I had to learn how to seek out control in unexpected places. I learned to embrace these small moments as ways of taking my power back and then found joy in them. This experience is what I have leaned on throughout 2020. 

Need to wear a mask? I got one so I could represent my favorite NFL team (Vikings!). 

Stuck at home? Focus on little tasks around the house that lighten up your spirit. 

It isn’t always easy to get started on this process. But once you do, it’s like a snowball rolling downhill. 

Sadness
2020 has been a year of grief. While I am fortunate to have not lost anyone close to me, the feeling of collective grief has been present through most of this year. We’ve all lost something, whether it’s tangible or not, and these losses have added up. 

For some, it’s been small things lost, over and over. For others, it’s been tragedies striking. Sadness and grief have been unavoidable this year. Coping with and accepting these emotions has been a major part of my year. 

My life has brought me plenty of sad moments, from the pain of being told I couldn’t play sports anymore, to losing gold medal matches in the final moments. Grief is one of the most challenging emotions to deal with, and I don’t presume to be able to tell anyone how to process it.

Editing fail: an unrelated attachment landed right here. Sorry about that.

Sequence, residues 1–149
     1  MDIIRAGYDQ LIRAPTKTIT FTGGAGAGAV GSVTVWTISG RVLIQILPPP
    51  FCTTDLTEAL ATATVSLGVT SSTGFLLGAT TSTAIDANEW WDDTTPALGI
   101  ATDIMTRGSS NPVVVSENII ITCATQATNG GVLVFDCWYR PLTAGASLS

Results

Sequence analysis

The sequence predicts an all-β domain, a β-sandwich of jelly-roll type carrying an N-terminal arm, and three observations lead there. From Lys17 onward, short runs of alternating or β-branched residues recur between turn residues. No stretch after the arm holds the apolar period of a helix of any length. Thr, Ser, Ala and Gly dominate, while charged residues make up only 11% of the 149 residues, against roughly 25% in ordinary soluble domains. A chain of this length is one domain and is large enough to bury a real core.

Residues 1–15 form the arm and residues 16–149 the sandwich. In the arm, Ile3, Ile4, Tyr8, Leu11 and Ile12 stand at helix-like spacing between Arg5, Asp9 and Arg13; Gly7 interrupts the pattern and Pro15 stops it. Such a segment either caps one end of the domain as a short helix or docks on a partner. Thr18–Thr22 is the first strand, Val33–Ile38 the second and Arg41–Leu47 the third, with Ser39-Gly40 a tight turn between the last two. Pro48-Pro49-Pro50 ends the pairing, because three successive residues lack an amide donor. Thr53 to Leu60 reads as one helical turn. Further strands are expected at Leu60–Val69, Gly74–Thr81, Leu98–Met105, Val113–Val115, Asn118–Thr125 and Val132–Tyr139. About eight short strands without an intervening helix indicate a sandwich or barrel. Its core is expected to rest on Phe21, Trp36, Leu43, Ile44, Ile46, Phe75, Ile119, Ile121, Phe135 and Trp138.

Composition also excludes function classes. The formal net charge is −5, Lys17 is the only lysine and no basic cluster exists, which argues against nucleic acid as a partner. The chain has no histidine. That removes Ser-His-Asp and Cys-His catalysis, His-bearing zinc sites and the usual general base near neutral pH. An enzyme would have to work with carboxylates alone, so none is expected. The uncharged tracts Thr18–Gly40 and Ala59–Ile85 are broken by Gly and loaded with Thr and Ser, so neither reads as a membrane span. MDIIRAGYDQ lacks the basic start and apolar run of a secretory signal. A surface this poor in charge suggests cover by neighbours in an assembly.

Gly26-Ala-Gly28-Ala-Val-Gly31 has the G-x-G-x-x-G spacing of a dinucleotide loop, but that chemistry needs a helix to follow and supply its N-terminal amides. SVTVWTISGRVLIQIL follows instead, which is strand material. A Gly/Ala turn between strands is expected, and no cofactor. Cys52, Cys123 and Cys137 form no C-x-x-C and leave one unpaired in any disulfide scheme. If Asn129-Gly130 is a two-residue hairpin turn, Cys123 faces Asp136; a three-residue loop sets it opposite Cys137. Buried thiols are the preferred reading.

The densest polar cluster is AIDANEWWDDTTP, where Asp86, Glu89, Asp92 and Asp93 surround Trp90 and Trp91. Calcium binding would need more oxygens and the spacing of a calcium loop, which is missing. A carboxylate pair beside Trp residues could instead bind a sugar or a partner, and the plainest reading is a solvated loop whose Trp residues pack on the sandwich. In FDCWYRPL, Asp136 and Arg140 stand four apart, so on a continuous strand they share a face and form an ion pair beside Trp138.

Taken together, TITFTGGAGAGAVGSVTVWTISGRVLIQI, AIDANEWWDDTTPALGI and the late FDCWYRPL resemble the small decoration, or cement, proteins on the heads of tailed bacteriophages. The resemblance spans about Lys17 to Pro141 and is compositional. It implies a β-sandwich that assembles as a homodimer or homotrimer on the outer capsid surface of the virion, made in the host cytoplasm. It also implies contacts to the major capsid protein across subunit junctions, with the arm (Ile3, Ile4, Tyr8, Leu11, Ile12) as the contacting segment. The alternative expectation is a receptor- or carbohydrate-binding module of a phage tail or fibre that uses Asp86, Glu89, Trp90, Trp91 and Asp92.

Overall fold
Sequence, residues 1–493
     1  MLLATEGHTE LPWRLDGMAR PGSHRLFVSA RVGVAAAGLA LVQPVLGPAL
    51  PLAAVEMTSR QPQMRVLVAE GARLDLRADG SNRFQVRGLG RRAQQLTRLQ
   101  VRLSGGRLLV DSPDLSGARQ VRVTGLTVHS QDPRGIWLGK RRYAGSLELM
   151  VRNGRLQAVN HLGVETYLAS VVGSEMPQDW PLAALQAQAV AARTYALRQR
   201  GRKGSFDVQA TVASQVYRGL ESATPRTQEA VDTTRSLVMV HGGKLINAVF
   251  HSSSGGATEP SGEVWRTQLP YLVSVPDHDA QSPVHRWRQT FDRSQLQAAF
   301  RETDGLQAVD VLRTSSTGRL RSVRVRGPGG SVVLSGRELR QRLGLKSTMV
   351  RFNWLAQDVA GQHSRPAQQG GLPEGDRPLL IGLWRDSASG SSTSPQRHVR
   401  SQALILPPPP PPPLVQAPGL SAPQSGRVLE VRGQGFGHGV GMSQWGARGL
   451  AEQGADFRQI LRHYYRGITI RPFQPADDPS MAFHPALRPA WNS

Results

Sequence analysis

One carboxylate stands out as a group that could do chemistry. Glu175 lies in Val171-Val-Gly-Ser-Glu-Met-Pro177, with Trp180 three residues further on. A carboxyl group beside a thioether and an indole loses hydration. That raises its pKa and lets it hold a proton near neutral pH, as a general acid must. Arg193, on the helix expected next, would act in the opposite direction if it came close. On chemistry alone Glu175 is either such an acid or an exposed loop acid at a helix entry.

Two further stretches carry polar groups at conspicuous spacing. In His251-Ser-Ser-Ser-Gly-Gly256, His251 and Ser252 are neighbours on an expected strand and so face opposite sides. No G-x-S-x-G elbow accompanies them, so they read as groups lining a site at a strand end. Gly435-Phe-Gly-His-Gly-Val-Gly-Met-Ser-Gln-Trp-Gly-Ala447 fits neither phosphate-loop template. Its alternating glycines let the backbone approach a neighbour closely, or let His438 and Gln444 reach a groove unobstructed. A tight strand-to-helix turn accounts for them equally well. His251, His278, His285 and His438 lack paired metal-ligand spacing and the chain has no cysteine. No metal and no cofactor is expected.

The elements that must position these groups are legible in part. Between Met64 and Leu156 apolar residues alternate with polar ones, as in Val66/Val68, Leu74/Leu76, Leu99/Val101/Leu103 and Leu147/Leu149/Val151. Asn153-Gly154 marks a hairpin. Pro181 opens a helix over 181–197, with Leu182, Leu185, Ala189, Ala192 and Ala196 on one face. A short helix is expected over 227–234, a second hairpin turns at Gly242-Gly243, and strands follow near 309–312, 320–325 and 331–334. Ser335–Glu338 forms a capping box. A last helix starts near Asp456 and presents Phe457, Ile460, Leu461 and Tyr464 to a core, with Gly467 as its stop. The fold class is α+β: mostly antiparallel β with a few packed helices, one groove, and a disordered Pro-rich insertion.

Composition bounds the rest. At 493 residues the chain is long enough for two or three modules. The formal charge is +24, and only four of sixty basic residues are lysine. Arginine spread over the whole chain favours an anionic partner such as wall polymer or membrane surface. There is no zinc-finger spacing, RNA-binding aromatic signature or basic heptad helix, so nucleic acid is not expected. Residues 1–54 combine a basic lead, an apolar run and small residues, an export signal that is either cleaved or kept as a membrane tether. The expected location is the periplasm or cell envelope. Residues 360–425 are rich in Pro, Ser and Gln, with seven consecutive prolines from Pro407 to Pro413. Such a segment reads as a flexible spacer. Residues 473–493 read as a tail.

All I can say is that for me, the process of allowing myself to feel sad and accepting my grief as legitimate is always my first step. Too often we tell ourselves, men in particular, that it’s not acceptable to be sad or to cry. 

We think that we must always remain tough and stoic despite any emotion we are feeling. This is fundamentally unhealthy. 

I sincerely hope one thing we can all take from this year is that it’s okay to not be okay. It’s part of being human.    

Apathy
Every athlete fears losing their drive to be successful. The work that goes into being a successful Olympian or Paralympian requires the ability to push yourself beyond what you thought possible and to find motivation despite any obstacle. 

At times this year, apathy won. 

Training for the Paralympics simply paled in comparison to a global pandemic raging and long-simmering tensions boiling over in our country. How could I spend any of my energy or focus on something that seemed so trivial?